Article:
Stephen Paea ready to pick up the slack on defensive line
BY ADAM L. JAHNS Staff Reporter September 27, 2013 9:04PM
Stephen Paea has been the Bears’ best defensive lineman with seven hurries and six tackles. “He’s had a very good first three games,” coach Marc Trestman said. | Getty Images
Updated: October 29, 2013 6:16AM
Bears defensive tackle Stephen Paea would have been upset to see any teammate suffer a season-ending injury. But since it was Henry Melton, his partner in the trenches, there’s an added sting.
Since training camp, the two have talked about how their connection has grown and that a stellar season eating up running backs and harassing quarterbacks could be in the works.
Now there’s no chance of that.
“Especially for him, I play with him inside,” Paea said. “We’re just going to miss him. For him, it’s just be positive, stay up, go day-by-day. He’ll be back when he’s healthy, but we just have to roll with what we have.”
That would be veteran defensive tackle Nate Collins. He will start alongside Paea. Undrafted rookie Zach Minter and new addition Landon Cohen also could be in the mix.
“Nate is doing an outstanding job,” Paea said. “He’s been helping out with the depth on our defensive line. Now the opportunity comes [to start]. Zach is a rookie, but he doesn’t play like a rookie.”
But this also is an opportunity for Paea to continue to come into his own. Paea has been the Bears’ best defensive lineman through three games. Moving him into Melton’s three-technique spot (an alignment typically between the guard and offensive tackle) might be the best option and might turn into more production.
Paea is playing at a Pro Bowl level, whether you look at the Bears’ grades or at Pro Football Focus. According to PFF, Paea has a defensive-line-best 4.1 rating with team highs of seven hurries and six tackles.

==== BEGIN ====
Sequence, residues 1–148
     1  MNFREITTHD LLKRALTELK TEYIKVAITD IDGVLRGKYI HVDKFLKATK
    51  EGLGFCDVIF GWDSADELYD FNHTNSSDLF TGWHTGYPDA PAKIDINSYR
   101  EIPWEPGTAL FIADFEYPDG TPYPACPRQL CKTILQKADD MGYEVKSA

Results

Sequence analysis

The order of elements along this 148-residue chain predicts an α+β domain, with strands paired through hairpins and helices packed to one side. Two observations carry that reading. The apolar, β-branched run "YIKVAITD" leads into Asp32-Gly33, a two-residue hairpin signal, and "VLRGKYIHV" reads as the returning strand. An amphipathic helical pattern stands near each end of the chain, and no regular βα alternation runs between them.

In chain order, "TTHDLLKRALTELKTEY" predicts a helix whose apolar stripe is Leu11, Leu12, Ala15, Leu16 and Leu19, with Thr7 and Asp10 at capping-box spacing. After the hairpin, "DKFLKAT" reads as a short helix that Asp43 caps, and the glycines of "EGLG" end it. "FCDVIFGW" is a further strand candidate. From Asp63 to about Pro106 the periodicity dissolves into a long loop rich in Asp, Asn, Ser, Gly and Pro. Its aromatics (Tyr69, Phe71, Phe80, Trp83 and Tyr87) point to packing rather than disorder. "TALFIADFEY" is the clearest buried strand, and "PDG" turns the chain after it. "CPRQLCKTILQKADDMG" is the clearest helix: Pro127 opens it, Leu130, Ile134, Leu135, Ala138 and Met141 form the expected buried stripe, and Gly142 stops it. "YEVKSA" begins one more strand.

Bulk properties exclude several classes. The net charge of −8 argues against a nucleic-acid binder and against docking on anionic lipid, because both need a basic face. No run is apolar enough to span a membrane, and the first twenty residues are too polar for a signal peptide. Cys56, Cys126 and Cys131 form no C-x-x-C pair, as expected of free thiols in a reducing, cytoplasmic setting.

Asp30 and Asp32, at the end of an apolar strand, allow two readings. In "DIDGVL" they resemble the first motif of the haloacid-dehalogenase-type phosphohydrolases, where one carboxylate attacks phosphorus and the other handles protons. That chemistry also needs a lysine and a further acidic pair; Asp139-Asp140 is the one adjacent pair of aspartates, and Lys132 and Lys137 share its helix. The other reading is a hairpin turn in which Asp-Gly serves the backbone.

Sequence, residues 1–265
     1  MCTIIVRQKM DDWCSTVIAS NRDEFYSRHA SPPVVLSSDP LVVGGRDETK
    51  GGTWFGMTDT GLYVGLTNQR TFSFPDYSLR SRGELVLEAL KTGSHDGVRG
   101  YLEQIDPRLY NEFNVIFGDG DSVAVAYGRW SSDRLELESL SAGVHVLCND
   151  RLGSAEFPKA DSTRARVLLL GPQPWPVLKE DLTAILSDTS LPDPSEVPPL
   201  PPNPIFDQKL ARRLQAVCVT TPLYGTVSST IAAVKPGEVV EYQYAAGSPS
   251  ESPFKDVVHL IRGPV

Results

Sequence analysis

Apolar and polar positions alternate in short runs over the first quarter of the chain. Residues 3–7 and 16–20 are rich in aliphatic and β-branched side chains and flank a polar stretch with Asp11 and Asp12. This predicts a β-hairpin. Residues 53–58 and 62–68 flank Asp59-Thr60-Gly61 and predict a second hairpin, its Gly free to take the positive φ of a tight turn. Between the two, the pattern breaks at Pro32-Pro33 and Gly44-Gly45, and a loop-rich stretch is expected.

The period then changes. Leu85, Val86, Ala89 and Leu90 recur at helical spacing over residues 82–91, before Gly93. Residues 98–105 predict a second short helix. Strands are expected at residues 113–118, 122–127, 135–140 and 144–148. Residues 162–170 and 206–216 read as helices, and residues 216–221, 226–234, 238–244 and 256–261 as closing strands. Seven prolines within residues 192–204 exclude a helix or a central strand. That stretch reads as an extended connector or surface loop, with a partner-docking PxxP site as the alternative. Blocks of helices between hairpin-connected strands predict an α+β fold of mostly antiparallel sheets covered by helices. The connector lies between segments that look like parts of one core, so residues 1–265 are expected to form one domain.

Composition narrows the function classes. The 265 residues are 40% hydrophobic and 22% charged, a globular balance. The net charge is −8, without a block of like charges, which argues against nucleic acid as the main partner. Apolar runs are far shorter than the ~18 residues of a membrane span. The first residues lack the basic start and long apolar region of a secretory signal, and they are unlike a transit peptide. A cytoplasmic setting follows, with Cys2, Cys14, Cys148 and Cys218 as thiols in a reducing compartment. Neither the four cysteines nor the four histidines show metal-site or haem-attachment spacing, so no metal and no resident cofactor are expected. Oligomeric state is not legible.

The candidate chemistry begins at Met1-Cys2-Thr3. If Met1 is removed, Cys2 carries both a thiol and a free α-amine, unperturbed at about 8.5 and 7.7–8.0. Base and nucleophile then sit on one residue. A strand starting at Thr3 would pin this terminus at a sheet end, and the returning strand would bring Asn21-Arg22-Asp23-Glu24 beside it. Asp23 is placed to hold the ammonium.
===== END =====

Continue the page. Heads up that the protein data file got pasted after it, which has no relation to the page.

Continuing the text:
“He’s becoming more consistent,” defensive line coach Mike Phair said. “He’s doing a solid job, but we expect more.”
Paea took advantage of the double teams Melton faced at the three-technique, exploiting single blocks at nose tackle. He said he felt insulted by the Bengals’ use of it in Week 1, since he’s supposed to handle the double teams at nose.
Paea said he will see time at both tackle spots, but Phair also stressed Paea will be ready to play the “three,” which is typically reserved for the best pass-rushing, most-disruptive tackles such as the Lions’ Ndamukong Suh.
“It’s up the coaches really,” Paea said. “It’s really up to the game. … There are advantages to the three and advantages to playing the nose. Either way, when you’re able to be versatile and can play both, you’re just an athlete in a three-point stance.”
Former Bears general manager Jerry Angelo moved up in the 2011 draft to select Paea out of Oregon State with the 53rd selection. Injuries have slowed his development, but nothing has held him back this season.
“Stephen’s been as productive as any defensive lineman that we’ve had for the first three games,” coach Marc Trestman said. “He’s moving the front, he runs to the ball, finishes. He’s had a very good first three games.”
The Bears won’t be hard-pressed to replace the performances Melton had in the first three games. Melton had a slow start because of his concussion in the preseason and just started to play like the Pro Bowler from last season against the Steelers, getting two quarterback hurries.
It’s the potential Melton has that will be difficult to compensate for. But Paea seems to fulfilling his own.
“The best thing about it is that [Paea] keeps getting better and understanding how teams are trying to attack him, and where his spaces are, where he can take advantage of those spaces,” linebacker Lance Briggs said. “Stephen is definitely an elite-company-type player.”
And Paea will do it all with Melton in mind.
“It’s a mind game for him,” Paea said. “He’s got long days ahead with his rehab and all that. For me, I just have to stay positive.”